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Anto Gvozdenović

Anto Gvozdenović (26 January 1853 – 2 September 1935) was a Montenegrin, Russian, and French general, a member of the Imperial Russian Privy Council, and a diplomat and statesman. He was the ambassador of Montenegro to the United States of America and was the President (Prime Minister) of the Government of Montenegro in Exile for two terms and the Regent to King Michael I.

In his last years, General Gvozdenović returned to Montenegro, where he rebuilt his home in Vući Do, Ceklići.

He died at his home in 1935, aged 82.


The House of Gvozdenović descended from Prince Rade Gvozdenović (1672–1750) who was elevated following his heroism at the battle of Tsarev Laz in 1712, of which a number of famous ballads were written and references made by the literary figure Vuk Karadžić. From Prince Rade came the name Gvozdenović (Gvozden-ović meaning son of Iron).

The Grandfather of General Gvozdenović was Prince Dumelja Gvozdenović (1813–1866). He married Maria Petrović-Njegoš (as her second husband), who was the aunt of King Nicholas I of Montenegro and sister of his father, Grand Duke Mirko of Montenegro. The heroism and exploits of Grand Duke Mirko of Montenegro and Prince Dumelja were recorded in accounts of the famous battle of Grahavac.

General Gvozdenović's nephew, Peter Gvozdenović married Joka Vukotić, niece of Queen Milena of Montenegro and the Granddaughter of the Montenegrin National Hero, Serdar Janko Vukotić. Peter Gvozdenović was one of the leaders of the 1918 Christmas uprising against the decisions of the Podgorica Assembly to merge Montenegro with Serbia.


General Gvozdenović was the last Prime Minister of Montenegro, having entered his countries political life late in his career. He was born in 1853 in Vuci Do. After graduating from the Cetinje Seminary, thanks to the backing of his godfather Prince Nicholas, he went on to study medicine in Moscow. An exceptional personality in many respects, overpoweringly intelligent, Gvozdenović won over his colleagues and professors who choose him as student representative at congresses in Berlin and London.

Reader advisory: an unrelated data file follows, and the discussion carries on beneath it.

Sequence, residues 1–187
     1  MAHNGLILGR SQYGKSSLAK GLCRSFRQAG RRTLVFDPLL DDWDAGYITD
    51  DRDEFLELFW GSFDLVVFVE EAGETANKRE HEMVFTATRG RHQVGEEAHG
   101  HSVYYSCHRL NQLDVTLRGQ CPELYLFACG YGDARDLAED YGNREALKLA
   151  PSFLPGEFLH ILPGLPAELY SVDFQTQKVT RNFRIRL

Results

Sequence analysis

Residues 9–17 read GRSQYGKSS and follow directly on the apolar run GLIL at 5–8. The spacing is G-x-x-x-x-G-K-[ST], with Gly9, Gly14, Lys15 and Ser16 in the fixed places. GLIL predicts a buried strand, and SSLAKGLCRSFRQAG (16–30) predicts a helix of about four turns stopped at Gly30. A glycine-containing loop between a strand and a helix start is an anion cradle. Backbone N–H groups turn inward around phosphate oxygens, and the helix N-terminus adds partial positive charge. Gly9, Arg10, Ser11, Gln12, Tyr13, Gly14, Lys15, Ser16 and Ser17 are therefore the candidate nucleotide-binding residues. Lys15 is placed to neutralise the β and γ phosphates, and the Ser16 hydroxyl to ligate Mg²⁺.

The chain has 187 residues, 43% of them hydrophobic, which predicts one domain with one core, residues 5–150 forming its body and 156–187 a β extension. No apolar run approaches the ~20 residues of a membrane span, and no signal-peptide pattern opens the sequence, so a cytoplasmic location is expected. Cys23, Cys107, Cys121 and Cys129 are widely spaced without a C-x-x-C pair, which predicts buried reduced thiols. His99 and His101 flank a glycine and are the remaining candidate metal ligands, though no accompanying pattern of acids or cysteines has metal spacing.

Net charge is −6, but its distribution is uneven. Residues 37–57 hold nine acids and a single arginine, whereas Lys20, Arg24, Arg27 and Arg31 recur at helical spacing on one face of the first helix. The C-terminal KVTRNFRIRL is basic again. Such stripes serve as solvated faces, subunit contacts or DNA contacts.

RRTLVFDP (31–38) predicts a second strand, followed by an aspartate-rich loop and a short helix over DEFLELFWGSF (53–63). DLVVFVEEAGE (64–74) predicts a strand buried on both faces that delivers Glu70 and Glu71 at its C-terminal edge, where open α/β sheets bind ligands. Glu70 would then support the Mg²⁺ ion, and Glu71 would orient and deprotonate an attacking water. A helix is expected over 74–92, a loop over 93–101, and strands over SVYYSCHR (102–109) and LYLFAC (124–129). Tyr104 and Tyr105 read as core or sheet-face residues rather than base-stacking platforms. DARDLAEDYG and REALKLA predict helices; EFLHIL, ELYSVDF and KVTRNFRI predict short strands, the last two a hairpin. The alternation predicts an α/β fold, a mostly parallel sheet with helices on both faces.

As a boy the future General had been sent to St Petersburg by his godfather, King Nicholas I of Montenegro, where he was to study in the Russian Military academy.

Following his studies, Dr. Gvozdenović joined the Imperial Russian Army and, under the command of General Skobelyev, took part in the expedition against Turkmenistan.

The General returned to Montenegro whenever he could and whenever there was a need. Back in 1876, as a student of Moscow University, upon hearing the news of a war with Turkey, he went back to Montenegro to participate in the defense of its freedom. His contribution in this war was immeasurable. An intellectual and a polyglot, Gvozdenović was assigned as an interpreter to V. Stillman, famous English publicist, painter and journalist and correspondent for the Times of London.

At the time Britain, in tune with its Bosporus policy, was on the side of the Turks in this war. However, Stillman's reports, articles and books, written under the great influence of Anto Gvozdenović, are filled with admiration for Montenegro, its history and its just battle for freedom. Stillman's texts greatly contributed to turning British public opinion in favour of Montenegro in her efforts to free the subjugated Balkan peoples. Even Gladstone himself spoke in favour of Montenegro, while Tennyson wrote his "Ode to Montenegro," one of the most beautiful poems devoted to that state.

In 1904, Gvozdenović went to Manchuria to serve in the Russo-Japanese War.[1] He was honored with the Russian Order of St. Stanislas with swords; and he received the rank of General of the Imperial Army.

Two of King Nicholas's daughters went on to marry Russian Grand Dukes, and Anto Gvozdenović played a role in affairs leading to the marriage of these kinsmen. In particular he remained close to Princess Anastasia with whom he had often played as a child at the Royal Palace in Cetinje. Princess Anastasia's marriage to Grand Duke Nikolai Nikolaievitch came in 1907. The Grand Duke was the Uncle of Tsar Nicholas II and younger brother of Tsar Nicholas I and during the first World War Commander-in-Chief of the Imperial Russian Armies.